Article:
One of the coolest things about life in the Cloud is learning about some of our far-flung customers—about businesses from Australia to Asia to Alaska who are leveraging cloud computing in unique ways. Take ITS Alaska, for example. As a locally owned and managed company, based out of Wasilla, ITS has been offering web design, hosting, and general IT services since 1999. One of the more exciting projects ITS handles is the web design and hosting for The Iron Dog®—the world’s longest snowmobile race that happens in the dead of the Alaskan winter each year. We were thrilled to receive a recent letter of appreciation from a web developer at ITS. Brennan Low described how our Fanatical Support saved the day for the hosting solution that ITS uses for the Iron Dog® race website.
But before we bask in the glow of Brennan’s kind words, we thought we’d share some of our awe for the Iron Dog® race and the way ITS brings it to life via the web (at www.irondog.org). Granted, reading the harrowing stories of life on the trail online, or browsing the hall of fame and photos, isn’t quite the same as completing the nearly-2000 mile course, with temperatures ranging from -20 to -50 Fahrenheit. You don’t quite feel the constant threat of frostbite (which causes some race competitors to apply duct tape directly to their faces) and the website can’t quite capture the ruggedness of this terrain (which demands serious survival skills and that all teams travel with at least two snowmobiles for safety). But the website does a wonderful job—for competitors, spectators, volunteers, and journalists—of sharing the essential details and results of the race. The site even manages to give you a sense—minus the wind chill—of the Iron Dog® experience. If the website transports you to the wild snow country you might find yourself signing up as a volunteer for next year’s race; or if you already make the frigid pilgrimage then you might load your photos directly to the site. ITS has ensured that everything is taken care of for the web visitor—from ordering a souvenir jacket to downloading an entry form.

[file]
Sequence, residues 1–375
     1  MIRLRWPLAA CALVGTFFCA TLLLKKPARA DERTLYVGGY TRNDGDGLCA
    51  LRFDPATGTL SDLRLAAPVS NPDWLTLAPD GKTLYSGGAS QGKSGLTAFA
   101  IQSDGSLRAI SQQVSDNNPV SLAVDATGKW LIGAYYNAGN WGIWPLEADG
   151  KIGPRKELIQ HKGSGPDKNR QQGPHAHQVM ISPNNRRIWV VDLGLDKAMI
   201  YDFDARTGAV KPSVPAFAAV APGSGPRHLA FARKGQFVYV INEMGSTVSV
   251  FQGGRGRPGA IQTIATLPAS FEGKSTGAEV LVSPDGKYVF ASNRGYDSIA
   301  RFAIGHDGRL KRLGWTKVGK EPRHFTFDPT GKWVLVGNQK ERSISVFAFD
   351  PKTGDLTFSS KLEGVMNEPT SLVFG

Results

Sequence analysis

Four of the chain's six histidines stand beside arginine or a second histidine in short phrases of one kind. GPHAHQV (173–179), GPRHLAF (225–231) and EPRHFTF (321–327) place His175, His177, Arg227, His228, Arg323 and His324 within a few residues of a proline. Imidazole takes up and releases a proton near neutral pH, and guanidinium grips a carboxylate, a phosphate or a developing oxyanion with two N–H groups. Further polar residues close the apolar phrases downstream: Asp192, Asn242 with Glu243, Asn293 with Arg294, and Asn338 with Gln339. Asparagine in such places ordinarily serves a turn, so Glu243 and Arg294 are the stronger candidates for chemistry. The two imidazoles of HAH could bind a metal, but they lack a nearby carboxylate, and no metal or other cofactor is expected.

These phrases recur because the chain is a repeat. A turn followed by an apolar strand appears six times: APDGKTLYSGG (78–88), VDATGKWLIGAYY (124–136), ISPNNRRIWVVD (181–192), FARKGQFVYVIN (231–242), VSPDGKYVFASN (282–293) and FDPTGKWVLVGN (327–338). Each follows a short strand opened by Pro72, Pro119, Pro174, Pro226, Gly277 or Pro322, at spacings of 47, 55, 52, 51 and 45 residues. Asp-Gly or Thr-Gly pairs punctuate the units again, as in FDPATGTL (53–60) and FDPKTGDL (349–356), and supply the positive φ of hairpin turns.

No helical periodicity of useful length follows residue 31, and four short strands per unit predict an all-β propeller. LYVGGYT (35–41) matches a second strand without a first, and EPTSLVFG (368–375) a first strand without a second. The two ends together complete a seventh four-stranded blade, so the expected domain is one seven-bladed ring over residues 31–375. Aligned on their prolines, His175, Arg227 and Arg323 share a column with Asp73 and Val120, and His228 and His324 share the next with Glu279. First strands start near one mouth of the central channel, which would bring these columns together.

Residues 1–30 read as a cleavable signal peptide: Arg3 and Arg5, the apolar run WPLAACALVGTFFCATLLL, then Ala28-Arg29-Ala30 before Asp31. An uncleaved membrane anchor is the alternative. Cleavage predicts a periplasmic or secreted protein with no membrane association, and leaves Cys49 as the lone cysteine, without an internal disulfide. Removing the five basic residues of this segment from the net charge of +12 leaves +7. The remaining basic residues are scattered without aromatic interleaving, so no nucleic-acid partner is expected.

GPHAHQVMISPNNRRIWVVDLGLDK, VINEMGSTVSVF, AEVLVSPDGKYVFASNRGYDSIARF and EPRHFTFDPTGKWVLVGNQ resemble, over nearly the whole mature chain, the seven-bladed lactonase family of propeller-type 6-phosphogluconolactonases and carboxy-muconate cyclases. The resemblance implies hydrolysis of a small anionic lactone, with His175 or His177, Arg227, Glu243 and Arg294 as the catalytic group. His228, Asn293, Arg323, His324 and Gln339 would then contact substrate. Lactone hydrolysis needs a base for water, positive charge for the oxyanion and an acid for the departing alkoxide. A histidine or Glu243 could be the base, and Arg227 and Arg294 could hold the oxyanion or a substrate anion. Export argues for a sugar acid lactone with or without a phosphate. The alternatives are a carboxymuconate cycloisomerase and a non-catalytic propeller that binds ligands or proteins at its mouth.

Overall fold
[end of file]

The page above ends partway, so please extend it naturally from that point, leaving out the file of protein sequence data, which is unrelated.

ITS first came to Cloud Servers because of its ability to dynamically scale resources. The surge in traffic to the Iron Dog® website (whose popularity has been steadily increasing over the years, fueled in part when the world learned that Sarah Palin’s husband, Todd, is a four-time champion of the race). As Brennan Low said in his letter to us
“Truly, the ability to increase available RAM for a given hosting account from the dashboard saved the day.”
But even with the increase in RAM, Brennan noticed some underlying issues with what he’d deployed and posted the symptoms on the Rackspace Cloud blog. He was surprised—and delighted—when our Chief Cloud Architect, Adrian Otto, responded to his post.
“Adrian was able to diagnose several sub-optimal conditions in our LAMP stack, and offer assistance in addressing the deficiencies. He helped us deploy a solution that addressed our core issues, taking our RAM usage from 12 GB to under 4 GB!”
While we don’t get everything right all the time, we’re proud of our continuing efforts to evolve higher standards in customer service. Adrian’s scrutiny of our day-to-day customer issues is one part of that wider campaign.
“Hands down, this was the highest quality customer service experience that I have had in memory. ‘Fanatical’ is an apt descriptor,” says Brennan.
We’re thrilled we were able to help and play a small role, behind the scenes, in keeping The Iron Dog® and ITS in the race. From where I sit in San Antonio—where today it’s recently been in the 80s and its only April—the wilds of Alaska seem more like another world than another state. Who knows, maybe The Rackspace Cloud will sponsor a snowmobile team for next year’s Iron Dog® race…Rackers, any volunteers?